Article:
silicone glue

I am making wood frams for a mirror the instructions say apply silicone to small pieces of wood to attach them to the mirror. I have never used this type of glue before. Does it really work and how is it applied.
thanks in advance
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On Mon, 24 Nov 2008 01:19:11 GMT, snipped-for-privacy@gmail.com wrote:

It is the same stuff as "GE Silicone II" caulking compound and can be found at your local home supply. You could also use "RTV Gasket Sealant", although the colors available are limited. RTV is available from your local auto parts store. regards, Joe.
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On Tue, 25 Nov 2008 04:24:39 -0800, Joe Brophy

Using silicone for gluing wood is a bad idea. It renders the project completely unrepairable, and ANY contact with the wood surface will leave that area unable to be painted or finished in any way.
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snipped-for-privacy@gmail.com wrote:

Sounds like decorative rather than structural pieces.
If decorative, NBD.
If structural, I wouldn't.
YMMV
Lew
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Joe Brophy wrote:

Watch what solvents are used in any type of adhesive applied to mirrors to be sure it won't de-silver the mirror.
--
Jack Novak
Buffalo, NY - USA
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the normal silicone purchased is an acid cure, and WILL discolor the mirror eventually. you can get non-acid cure silicone. a bigbox may have mirror silicone, but i'd ask at a window place instead. i have found non-acid cure silicones at ace hardware but you have to read the labels to find the right one.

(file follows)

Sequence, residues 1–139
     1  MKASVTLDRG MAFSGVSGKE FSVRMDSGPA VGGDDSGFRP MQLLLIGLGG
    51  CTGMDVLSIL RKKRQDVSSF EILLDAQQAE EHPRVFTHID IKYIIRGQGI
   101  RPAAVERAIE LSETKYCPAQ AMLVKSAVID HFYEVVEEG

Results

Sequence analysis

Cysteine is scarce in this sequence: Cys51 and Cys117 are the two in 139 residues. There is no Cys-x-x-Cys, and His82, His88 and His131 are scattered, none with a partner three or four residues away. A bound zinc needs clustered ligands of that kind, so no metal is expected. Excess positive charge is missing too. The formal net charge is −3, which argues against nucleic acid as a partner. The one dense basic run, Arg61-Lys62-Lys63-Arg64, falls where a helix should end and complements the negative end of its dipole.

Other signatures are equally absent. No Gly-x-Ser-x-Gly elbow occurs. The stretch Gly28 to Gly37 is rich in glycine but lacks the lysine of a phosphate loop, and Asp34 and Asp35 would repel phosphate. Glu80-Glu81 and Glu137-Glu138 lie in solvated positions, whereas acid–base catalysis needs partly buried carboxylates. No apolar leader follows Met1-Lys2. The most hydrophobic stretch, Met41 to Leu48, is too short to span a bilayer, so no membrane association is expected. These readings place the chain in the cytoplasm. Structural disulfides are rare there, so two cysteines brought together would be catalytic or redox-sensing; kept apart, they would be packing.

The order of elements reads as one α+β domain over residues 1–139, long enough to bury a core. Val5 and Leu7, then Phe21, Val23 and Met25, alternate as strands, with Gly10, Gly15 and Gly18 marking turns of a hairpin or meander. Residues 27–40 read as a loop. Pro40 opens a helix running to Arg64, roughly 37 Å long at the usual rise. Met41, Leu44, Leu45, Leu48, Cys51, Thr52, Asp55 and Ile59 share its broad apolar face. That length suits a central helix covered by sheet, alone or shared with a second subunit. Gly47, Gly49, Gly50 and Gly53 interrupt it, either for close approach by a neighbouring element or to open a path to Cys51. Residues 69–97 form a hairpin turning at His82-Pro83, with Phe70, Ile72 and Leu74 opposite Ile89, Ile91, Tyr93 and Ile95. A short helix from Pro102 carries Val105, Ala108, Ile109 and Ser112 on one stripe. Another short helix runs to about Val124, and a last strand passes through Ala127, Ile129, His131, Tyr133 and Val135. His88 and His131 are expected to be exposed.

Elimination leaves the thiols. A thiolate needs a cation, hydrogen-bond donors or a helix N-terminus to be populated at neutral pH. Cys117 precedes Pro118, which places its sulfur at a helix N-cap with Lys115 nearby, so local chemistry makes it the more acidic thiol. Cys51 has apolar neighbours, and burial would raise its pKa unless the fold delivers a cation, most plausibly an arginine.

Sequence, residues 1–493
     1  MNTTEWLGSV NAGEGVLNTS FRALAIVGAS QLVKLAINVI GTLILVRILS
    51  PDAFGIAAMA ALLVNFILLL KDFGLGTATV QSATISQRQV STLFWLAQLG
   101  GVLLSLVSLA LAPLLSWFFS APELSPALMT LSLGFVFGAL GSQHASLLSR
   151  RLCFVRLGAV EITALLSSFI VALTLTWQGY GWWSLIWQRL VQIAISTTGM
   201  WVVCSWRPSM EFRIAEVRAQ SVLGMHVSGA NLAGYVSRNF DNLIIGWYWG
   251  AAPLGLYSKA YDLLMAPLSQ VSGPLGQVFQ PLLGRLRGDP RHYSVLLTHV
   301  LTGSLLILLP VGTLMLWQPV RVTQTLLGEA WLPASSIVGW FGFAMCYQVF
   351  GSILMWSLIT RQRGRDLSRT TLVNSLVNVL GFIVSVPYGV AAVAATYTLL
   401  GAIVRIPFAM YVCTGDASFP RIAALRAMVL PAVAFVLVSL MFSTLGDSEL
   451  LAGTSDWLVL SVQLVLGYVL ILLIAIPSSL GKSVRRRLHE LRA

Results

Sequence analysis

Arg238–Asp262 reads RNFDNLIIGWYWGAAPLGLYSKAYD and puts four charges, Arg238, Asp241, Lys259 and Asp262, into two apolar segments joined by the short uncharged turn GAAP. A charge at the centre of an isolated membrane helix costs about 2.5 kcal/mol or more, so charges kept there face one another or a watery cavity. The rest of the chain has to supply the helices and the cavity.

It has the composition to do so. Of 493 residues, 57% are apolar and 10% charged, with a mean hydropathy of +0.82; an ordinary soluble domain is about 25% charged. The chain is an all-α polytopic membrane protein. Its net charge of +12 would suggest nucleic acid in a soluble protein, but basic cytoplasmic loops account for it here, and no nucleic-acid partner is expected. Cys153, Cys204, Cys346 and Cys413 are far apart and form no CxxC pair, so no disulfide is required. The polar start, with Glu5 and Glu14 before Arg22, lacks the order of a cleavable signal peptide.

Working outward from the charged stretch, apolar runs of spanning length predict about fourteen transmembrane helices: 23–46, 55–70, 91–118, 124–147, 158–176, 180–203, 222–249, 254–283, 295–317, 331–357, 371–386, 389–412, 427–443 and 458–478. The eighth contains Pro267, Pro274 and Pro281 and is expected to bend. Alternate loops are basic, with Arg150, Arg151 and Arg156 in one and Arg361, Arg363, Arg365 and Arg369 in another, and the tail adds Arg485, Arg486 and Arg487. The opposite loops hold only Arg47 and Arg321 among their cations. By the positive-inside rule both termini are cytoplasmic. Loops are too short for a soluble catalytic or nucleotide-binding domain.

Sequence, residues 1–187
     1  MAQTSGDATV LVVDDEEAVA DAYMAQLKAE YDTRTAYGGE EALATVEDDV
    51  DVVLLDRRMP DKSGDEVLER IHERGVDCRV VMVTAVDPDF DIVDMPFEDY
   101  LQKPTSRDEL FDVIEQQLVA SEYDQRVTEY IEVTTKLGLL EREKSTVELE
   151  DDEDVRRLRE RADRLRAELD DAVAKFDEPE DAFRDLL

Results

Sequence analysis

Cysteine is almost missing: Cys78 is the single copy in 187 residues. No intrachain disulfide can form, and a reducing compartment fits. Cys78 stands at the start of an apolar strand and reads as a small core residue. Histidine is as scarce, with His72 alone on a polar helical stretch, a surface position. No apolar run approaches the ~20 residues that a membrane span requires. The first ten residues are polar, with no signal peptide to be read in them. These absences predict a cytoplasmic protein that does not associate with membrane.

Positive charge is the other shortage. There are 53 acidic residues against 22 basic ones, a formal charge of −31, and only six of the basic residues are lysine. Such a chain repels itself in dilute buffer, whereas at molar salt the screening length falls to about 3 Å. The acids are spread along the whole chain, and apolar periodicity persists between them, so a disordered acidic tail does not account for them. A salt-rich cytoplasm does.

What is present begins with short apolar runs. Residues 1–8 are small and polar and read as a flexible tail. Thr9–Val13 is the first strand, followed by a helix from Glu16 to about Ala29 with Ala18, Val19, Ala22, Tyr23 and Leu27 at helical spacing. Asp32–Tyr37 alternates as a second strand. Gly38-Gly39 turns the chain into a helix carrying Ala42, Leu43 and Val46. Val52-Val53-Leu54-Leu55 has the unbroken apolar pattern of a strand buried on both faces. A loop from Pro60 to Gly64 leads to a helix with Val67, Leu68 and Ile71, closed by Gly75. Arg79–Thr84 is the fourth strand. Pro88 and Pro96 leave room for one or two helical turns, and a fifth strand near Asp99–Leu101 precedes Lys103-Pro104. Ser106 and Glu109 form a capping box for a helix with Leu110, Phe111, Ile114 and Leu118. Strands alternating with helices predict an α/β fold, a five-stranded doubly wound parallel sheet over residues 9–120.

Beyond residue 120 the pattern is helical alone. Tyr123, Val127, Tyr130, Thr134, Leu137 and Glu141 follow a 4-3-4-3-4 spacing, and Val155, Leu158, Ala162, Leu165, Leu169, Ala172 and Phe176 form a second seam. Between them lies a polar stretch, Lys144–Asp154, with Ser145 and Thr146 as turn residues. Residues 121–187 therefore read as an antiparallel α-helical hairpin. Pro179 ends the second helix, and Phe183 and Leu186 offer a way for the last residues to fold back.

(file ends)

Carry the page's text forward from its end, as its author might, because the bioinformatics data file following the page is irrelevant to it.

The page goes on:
regards, charlie http://glassartists.org/Gal6606_Chani_Artss_Gallery.asp
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that isn't correct. it is mildew-icide free. it still smells like vinegar, which is acid cure silicone.
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Not the last tube I bought.

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snipped-for-privacy@gmail.com wrote:

I use a lot of the stuff to bond polycarbonate glazing to wood. I buy it in 10-ounce tubes and apply a bead with a caulking gun, then use a spreader (finger) to maximize the contact area. When cured it's rubbery and fairly tough - exactly what I want to deal with vapor leakage, moisture, and uneven thermal expansion/contraction of joined components.
The DAP (Dow) silicone caulk I buy comes with a 50-year guarantee. I use it primarily as a long-life sealant rather than as a structural glue - and I shield the glued joint from UV with aluminum trim.
For my purposes, it works really well. I'd suggest buying a tube and doing a couple of experimental gluings to see if it'll do the job you want...
--
Morris Dovey
DeSoto Solar
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